|Courtesy of Mohamad Adbo Al-Ibrahim|
Asma al-Assad has been affectionately named Syria’s ‘Princess Diana’ and was profiled as a “rose in the desert,” as early as last year, by Vogue Magazine. She has also risen to the top of ELLE’s ‘most stylish women in politics’ list. An article published in Mail Online, a UK-based news site, characterizes the first lady as ‘in every sense — the way she dresses, speaks and holds herself — an Englishwoman.’
Her Intelligence: She is a woman that doesn’t fit the traditional image of many Middle-Eastern women of power. She is charming, intellectual, out-going, and resolute. Growing up in London, Asma al-Assad studied computer science and French literature at King's College. She has worked in finance for biotechnology and pharmaceutical companies and has led organizations that deal, specifically, with high-unemployment and social class differences.
Her Impact: Syria’s first lady was once thought to be "a comprehensible and reasonable individual in an opaque regime," according to American journalist and scholar, Andrew Tabler. While living in the region after Bashar al-Assad took power in 2000, Tabler worked closely with the leader’s wife, and recently wrote a memoir, titled “In the Lion’s Den,” chronicling his moments with the Syrian couple.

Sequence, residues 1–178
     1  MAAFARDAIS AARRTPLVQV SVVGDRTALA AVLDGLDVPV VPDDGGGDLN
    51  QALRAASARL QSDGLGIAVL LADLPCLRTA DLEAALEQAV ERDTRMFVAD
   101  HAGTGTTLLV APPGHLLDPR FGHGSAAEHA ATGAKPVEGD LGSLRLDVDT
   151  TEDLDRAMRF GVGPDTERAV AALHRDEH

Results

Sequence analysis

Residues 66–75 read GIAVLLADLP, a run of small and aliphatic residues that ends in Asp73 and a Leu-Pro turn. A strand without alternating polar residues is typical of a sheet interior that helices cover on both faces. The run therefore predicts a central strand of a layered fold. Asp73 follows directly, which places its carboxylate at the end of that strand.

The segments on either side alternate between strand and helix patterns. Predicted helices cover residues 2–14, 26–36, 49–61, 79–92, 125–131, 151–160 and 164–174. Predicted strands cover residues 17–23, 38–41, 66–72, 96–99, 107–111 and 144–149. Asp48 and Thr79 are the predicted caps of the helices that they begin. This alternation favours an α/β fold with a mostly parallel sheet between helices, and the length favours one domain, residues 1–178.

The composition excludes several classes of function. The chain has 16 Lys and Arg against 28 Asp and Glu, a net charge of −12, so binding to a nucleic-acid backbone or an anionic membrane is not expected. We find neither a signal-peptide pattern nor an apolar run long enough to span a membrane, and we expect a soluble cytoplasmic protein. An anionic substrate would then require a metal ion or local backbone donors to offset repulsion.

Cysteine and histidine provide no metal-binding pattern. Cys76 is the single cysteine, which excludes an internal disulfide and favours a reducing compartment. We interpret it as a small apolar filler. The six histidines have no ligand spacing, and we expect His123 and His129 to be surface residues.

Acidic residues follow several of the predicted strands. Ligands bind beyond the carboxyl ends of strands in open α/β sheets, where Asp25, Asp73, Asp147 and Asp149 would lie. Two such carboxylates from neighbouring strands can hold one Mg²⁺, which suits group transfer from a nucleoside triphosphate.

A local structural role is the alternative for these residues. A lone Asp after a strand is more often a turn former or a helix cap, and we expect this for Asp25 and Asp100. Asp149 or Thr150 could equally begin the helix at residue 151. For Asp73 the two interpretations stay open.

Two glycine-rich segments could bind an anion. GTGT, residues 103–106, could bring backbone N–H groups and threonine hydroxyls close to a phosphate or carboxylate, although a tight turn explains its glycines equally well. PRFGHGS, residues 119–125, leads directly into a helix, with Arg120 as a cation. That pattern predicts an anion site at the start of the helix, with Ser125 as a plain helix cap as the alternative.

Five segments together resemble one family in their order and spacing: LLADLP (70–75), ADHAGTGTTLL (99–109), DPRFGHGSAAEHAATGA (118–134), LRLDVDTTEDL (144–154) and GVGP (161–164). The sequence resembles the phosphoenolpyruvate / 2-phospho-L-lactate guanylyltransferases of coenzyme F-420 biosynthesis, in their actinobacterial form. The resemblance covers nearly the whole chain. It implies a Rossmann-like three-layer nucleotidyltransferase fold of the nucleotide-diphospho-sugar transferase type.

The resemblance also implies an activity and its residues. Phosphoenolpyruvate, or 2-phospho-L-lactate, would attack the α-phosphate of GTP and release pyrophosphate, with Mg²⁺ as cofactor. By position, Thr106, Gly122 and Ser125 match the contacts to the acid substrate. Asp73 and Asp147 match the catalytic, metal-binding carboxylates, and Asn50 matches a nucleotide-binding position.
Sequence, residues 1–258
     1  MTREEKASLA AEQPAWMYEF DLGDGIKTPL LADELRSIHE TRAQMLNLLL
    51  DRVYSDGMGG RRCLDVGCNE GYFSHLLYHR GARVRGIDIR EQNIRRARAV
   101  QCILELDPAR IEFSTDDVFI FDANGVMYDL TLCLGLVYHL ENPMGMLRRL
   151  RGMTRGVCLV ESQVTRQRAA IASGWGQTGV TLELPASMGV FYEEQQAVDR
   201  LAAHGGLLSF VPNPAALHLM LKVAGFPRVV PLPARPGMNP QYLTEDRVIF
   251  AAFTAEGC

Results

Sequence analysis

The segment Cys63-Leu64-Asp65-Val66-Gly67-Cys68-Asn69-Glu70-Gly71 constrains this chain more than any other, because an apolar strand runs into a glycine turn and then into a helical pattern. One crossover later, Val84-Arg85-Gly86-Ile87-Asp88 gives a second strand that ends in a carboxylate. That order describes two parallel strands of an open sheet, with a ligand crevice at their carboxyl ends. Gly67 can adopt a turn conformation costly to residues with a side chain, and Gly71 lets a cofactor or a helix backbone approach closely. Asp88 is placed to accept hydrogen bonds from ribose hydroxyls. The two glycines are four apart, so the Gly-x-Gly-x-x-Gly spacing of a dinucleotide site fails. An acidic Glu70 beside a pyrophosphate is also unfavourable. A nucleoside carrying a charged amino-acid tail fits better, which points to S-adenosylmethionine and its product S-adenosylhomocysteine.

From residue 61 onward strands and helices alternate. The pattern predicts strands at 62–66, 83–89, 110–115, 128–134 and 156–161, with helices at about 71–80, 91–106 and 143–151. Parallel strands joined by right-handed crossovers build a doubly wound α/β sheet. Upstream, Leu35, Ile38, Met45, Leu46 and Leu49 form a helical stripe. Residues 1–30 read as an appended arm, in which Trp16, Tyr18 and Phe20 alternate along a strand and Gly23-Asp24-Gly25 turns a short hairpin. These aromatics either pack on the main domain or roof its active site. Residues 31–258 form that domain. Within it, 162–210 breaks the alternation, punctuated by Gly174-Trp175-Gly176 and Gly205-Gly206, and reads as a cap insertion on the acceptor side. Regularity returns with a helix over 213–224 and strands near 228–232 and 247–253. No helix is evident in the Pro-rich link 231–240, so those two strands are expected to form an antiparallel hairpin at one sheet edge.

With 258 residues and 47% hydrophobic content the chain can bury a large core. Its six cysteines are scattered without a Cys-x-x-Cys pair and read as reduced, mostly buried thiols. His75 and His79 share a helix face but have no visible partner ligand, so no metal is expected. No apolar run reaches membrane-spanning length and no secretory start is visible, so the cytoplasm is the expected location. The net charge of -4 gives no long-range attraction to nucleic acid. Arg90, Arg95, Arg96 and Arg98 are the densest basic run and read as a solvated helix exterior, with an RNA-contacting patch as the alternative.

Alongside her father, Asma al-Assad has founded charities such as the Syria Heritage Foundation. She has also traveled throughout Syria promoting ‘active citizenship’ and ‘openness’ among her people. Because of her Western upbringing, Tabler and many others were hopeful that, Asma, a seemingly staunch advocate of women’s rights, would help bring reformation to an area that has suffered generations of bloodshed and violence.
Interestingly, it becomes apparent, as you examine her actions and words, that Mrs. al-Assad is well aware of the types of atrocities being committed on her own soil. She jokes as being the “REAL dictator” in her relationship with Bashar al-Assad and consciously married into the 40 year-old, oppressive, authoritarian dynasty back in 2000. She knows: because her father grew up in Homs, an area that has witnessed, first hand, the brutal crackdown of her beloved’s unscrupulous security forces.
Her Legacy: In 2000, Asma came to the region with the intention to usher in change. She was often photographed helping the sick and elderly. She reportedly spoke about a rebounding Syrian history and culture that has made great international contributions over thousands of years.
While Vogue’s “portrait” of Asma al-Assad no longer appears online, a new narrative has been weaved through the actions of her husband’s regime and, more importantly, through her own. The first lady has been a public advocate for human rights, sponsored charities and NGOs, and attempted to infuse a Western democratic model into a region that is deeply entrenched in the type of autocracy that employs deadly military force - engaging in the boorish massacre of thousands of its own people. Could the case be made on behalf of the region’s first lady, that “bad company corrupts good character?”
Nevertheless, the question on the minds of many in Syria and the international community, alike, remains: is Asma al-Assad indeed a “rose in the desert” or has she simply become Syria’s thorn?